New research explores the historical trends of changes in vegetation under rising levels of CO2
Carbon dioxide (CO2) in the atmosphere has been increasing since the industrial revolution due to human activities. Burning fossil fuels, releasing chemicals into the atmosphere, reduction of forests and the rapid development of industrial activities are emitting carbon dioxide into the atmosphere, altering global climate patterns. The increase in CO2 is driving global warming and fueling plant growth and photosynthesis. This process is known as the “CO2fertilization effect” – a phenomenon when carbon emissions boost photosynthesis and in turn increase plant growth. Although scientists have predicted increasing plant photosynthesis activity in recent decades in response to rising levels of CO2, there hasn’t been a way to accurately quantify just how much. Now, new research published in Nature from scientists at MIT, UC Berkeley and other international institutions, places a number on the increase in global photosynthesis from the last four decades.
Assistant Professor of Civil and Environmental Engineering, César Terrer discusses the latest research that quantifies the amount using historical trends while he’s working to understand and predict future patterns of what might happen to our ecosystems under rising CO2 levels.
Q: Your new paper suggests that rising carbon dioxide emissions resulted in a 12 percent increase in global photosynthesis between 1982 and 2020. Is it a larger number than you thought?
A: It’s not as large as some of the previous estimates using proxies. But it’s still a pretty large increase. It’s equivalent to plants taking 14 petagrams of carbon out of the atmosphere each year. To put the 14 petagrams number into context, all countries in the entire world emit about 10 petagrams of carbon per year, so 14 petagrams is really a lot. Every year plants take up more carbon than they release in the atmosphere, that means that plants and soils play a key environmental service that is helping to slow down the rate of global warming. It’s actually estimated that without this CO2 fertilization effect the current climate would have warmed by an additional 40% since the industrial revolution, so it’s really an essential service that ecosystems are providing for our climate.
The future magnitude of the CO2 fertilization effect is however very uncertain; we don’t know to what extent plants will continue absorbing increasing quantities of carbon dioxide. There must be a limit and that limit is unknown. In my previous research published in Nature Climate Change, we found that the future magnitude of the CO2 fertilization effect by the end of the century may be three times lower than previously thought. This was based on a synthesis of field observations and satellite data. In addition, another recent research study published in Nature suggests the amount of carbon sequestered in soils may be lower than previously thought, at least in forests. This is because we found a tradeoff between storing carbon above ground in biomass and below ground in soils. Thus, many forests that were predicted to show accumulation of carbon in both biomass and soils will actually show decreases in soil carbon sequestration.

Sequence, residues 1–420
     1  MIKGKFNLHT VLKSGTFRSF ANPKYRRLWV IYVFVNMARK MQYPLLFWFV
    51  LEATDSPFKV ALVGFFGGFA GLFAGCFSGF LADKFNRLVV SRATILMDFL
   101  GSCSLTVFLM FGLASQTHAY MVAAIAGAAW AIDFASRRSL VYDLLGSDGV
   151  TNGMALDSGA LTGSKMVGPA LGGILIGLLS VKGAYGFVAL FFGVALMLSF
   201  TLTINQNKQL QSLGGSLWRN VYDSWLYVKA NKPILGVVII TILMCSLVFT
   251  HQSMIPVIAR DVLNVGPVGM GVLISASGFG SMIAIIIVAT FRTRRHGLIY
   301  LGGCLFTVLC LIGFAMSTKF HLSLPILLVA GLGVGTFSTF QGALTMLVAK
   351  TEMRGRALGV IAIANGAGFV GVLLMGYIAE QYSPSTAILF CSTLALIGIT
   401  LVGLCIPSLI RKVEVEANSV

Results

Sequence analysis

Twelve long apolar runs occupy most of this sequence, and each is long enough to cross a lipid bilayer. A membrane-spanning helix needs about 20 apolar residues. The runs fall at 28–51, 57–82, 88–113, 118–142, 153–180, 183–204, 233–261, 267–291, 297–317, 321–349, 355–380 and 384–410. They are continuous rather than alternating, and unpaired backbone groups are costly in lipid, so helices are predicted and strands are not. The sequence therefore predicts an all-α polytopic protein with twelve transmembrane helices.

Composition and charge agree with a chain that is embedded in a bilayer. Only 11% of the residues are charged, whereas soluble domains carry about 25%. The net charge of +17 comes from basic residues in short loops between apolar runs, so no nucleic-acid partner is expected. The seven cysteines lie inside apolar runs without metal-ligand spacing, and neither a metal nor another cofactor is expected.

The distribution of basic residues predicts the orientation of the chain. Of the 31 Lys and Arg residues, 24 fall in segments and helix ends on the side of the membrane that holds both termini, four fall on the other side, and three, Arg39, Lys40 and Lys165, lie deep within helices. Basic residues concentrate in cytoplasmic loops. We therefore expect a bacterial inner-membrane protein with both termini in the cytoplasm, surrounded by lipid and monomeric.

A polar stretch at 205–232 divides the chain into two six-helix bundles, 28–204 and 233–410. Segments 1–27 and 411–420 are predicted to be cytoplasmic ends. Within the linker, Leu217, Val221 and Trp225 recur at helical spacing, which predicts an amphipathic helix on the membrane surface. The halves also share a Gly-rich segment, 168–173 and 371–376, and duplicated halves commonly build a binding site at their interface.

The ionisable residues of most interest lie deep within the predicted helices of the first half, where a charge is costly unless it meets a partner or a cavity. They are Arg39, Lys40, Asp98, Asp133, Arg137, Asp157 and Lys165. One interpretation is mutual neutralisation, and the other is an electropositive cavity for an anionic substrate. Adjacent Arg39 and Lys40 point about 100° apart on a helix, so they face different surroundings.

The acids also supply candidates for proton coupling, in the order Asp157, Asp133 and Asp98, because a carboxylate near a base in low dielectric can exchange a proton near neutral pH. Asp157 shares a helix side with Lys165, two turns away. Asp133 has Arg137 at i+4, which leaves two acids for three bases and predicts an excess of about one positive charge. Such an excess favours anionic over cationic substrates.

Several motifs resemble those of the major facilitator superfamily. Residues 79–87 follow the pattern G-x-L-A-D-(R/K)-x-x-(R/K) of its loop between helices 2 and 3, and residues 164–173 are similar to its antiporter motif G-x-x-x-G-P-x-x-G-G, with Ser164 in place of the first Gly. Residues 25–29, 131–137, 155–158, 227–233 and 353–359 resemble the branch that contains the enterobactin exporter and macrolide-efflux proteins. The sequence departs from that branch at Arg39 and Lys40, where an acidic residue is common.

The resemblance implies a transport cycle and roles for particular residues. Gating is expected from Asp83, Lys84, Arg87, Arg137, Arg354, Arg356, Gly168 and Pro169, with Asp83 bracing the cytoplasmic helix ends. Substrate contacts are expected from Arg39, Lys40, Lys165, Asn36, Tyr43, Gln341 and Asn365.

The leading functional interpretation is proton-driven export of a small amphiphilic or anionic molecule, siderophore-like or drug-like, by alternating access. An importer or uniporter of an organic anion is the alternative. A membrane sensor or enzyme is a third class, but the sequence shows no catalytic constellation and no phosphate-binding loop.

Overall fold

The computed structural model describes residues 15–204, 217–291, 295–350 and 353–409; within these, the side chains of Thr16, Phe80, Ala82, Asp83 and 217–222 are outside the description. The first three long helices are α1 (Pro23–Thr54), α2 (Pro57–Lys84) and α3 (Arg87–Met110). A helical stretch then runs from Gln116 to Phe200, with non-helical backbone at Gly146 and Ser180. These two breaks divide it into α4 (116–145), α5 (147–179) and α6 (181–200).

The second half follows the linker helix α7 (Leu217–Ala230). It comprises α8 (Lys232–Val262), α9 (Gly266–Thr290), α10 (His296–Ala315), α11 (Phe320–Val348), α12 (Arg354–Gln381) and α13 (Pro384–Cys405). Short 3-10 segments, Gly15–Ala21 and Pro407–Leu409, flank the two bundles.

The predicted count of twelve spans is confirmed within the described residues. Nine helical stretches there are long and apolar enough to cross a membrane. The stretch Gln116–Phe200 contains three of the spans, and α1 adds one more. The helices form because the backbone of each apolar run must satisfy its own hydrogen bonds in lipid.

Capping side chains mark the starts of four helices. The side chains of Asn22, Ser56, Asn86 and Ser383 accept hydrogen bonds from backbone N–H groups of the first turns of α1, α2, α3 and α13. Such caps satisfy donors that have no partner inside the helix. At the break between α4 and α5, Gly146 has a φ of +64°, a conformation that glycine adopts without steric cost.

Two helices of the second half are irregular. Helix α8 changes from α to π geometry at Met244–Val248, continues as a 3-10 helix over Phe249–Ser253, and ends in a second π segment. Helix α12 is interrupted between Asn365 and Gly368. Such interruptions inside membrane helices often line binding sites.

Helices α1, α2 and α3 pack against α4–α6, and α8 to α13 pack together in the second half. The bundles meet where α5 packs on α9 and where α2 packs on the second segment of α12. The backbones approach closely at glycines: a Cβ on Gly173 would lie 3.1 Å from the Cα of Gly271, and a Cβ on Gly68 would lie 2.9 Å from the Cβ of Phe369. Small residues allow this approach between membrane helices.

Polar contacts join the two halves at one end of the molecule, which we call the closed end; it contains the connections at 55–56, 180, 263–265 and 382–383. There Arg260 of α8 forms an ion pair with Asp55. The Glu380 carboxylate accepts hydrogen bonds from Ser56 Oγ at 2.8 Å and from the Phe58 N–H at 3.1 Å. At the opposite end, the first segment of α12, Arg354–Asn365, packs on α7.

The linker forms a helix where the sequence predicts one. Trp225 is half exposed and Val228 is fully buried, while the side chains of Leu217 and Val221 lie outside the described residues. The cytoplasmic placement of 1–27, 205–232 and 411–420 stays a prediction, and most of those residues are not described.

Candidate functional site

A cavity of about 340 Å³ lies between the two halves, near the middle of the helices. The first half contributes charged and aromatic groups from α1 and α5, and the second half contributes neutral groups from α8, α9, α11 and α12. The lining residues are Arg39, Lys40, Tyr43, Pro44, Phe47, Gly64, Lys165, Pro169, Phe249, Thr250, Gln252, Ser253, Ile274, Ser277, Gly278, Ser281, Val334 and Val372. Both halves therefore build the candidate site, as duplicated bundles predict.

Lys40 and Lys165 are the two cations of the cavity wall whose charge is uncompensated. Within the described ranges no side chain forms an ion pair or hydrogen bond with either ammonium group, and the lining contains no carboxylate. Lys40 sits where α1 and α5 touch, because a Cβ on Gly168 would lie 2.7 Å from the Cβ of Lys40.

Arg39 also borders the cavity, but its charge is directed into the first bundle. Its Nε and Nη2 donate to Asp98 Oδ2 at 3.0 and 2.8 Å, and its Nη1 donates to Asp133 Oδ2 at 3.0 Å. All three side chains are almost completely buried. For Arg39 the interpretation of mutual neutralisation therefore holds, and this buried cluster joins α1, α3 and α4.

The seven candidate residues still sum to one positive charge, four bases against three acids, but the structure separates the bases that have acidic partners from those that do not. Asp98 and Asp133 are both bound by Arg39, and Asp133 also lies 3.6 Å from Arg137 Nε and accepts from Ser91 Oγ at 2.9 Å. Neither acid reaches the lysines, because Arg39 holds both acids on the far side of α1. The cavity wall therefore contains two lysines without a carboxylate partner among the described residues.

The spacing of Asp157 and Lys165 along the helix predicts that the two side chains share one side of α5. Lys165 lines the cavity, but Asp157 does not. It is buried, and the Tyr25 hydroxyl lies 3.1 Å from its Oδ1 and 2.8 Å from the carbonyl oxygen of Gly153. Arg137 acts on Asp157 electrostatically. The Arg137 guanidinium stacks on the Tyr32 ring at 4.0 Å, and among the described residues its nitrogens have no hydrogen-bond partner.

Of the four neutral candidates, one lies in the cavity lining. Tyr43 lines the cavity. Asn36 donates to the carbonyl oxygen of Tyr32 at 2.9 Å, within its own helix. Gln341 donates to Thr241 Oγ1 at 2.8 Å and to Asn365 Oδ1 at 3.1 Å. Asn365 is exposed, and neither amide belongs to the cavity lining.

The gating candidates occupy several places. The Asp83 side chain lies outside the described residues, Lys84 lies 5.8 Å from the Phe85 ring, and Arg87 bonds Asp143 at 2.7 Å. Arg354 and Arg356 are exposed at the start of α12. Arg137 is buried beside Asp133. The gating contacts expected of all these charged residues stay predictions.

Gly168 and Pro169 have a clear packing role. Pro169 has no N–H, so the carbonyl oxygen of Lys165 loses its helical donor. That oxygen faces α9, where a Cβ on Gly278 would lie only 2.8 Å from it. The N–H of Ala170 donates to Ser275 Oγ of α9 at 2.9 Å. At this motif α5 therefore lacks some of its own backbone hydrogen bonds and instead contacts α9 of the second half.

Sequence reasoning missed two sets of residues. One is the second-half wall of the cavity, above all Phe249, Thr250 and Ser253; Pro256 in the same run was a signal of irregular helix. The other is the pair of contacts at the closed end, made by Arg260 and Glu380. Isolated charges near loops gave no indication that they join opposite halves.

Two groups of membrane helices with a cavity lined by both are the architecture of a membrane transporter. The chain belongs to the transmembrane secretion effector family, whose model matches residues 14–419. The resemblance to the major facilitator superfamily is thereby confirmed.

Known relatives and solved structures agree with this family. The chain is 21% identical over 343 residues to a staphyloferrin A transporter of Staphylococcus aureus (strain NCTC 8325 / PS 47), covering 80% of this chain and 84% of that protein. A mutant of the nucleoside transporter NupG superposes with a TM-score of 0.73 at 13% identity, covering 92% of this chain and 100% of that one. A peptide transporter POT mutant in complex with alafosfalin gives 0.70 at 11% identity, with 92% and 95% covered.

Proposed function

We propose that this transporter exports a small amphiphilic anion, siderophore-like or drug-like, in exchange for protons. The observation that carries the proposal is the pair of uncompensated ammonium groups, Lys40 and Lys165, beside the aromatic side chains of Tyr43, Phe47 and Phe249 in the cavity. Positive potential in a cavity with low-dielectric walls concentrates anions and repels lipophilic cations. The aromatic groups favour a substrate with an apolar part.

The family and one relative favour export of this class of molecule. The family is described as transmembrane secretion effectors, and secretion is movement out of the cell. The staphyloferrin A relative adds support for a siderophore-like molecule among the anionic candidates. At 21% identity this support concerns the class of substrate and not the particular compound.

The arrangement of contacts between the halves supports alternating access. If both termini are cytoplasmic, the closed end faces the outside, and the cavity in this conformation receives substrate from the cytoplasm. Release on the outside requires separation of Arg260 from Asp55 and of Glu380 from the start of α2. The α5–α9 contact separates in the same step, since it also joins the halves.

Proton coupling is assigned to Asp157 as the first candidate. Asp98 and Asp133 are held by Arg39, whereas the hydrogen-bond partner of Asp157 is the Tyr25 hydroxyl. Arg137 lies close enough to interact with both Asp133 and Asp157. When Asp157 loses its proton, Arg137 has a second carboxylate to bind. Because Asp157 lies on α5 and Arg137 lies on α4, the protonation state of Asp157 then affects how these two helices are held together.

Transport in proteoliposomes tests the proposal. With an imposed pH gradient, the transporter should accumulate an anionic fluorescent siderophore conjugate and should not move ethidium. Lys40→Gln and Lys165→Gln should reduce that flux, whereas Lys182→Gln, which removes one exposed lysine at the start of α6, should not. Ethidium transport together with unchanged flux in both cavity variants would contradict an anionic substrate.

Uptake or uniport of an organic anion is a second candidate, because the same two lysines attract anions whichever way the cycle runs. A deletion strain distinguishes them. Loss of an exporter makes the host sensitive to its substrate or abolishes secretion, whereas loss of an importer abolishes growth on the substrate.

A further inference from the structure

Q: How did you discover an accurate estimate of global photosynthesis from the last four decades?
A: Trevor Keenan (UC Berkeley), lead author of the paper, envisioned an innovative approach leveraging three decades of carbon sink estimates made by the Global Carbon Project. We compared these estimates with predictions from satellite images and models using carbon exchange between the atmosphere and land to make carbon sink estimates. This approach reveals a much more accurate estimate of what the increase in photosynthesis is in recent decades.
Q: What do the findings suggest for climate change actions? Can we slow down global warming by planting more trees?
A: The findings demonstrate the key role vegetation plays in regulating our climate and the importance of deforestation and preserving our natural ecosystems. If we cut down forests, we are limiting our ability to slow down climate change. Planting more trees to slow down global warming is always a little bit dangerous because you are geoengineering the planet. Based on the results from my previous Nature study, it’s important to be cautious about planting trees as a nature-based solution, because our results suggest that when you plant trees you increase the amount of carbon that is sequester in above ground plant biomass, but there might be unexpected negative consequences below ground that may partly offset the benefits of increasing above ground biomass. It’s more crucial that we protect all of our natural ecosystems. Grasslands in particular store a lot of carbon below ground that is invisible to the human eye but are still a really good mechanism to slow down climate change and store carbon in the long term.
But even though vegetation plays a key role in slowing down climate change, the amount of carbon dioxide that plants sequester every year is not nearly enough to stop global warming completely. If we really want to slow down the increase in temperatures, we need to cut down CO2 emissions.